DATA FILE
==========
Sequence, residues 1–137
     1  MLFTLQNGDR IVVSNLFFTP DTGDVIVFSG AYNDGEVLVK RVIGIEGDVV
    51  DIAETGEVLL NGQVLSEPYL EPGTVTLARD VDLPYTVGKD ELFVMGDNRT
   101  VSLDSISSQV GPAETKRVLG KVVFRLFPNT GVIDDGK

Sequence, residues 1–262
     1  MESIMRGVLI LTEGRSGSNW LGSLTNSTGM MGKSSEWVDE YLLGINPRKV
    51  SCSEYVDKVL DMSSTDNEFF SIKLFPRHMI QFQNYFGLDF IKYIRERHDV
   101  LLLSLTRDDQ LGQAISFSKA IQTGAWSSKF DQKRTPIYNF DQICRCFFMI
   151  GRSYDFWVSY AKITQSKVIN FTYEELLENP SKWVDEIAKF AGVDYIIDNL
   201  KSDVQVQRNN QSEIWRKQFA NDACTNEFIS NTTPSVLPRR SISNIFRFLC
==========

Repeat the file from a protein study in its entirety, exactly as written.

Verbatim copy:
Sequence, residues 1–137
     1  MLFTLQNGDR IVVSNLFFTP DTGDVIVFSG AYNDGEVLVK RVIGIEGDVV
    51  DIAETGEVLL NGQVLSEPYL EPGTVTLARD VDLPYTVGKD ELFVMGDNRT
   101  VSLDSISSQV GPAETKRVLG KVVFRLFPNT GVIDDGK

Sequence, residues 1–262
     1  MESIMRGVLI LTEGRSGSNW LGSLTNSTGM MGKSSEWVDE YLLGINPRKV
    51  SCSEYVDKVL DMSSTDNEFF SIKLFPRHMI QFQNYFGLDF IKYIRERHDV
   101  LLLSLTRDDQ LGQAISFSKA IQTGAWSSKF DQKRTPIYNF DQICRCFFMI
   151  GRSYDFWVSY AKITQSKVIN FTYEELLENP SKWVDEIAKF AGVDYIIDNL
   201  KSDVQVQRNN QSEIWRKQFA NDACTNEFIS NTTPSVLPRR SISNIFRFLC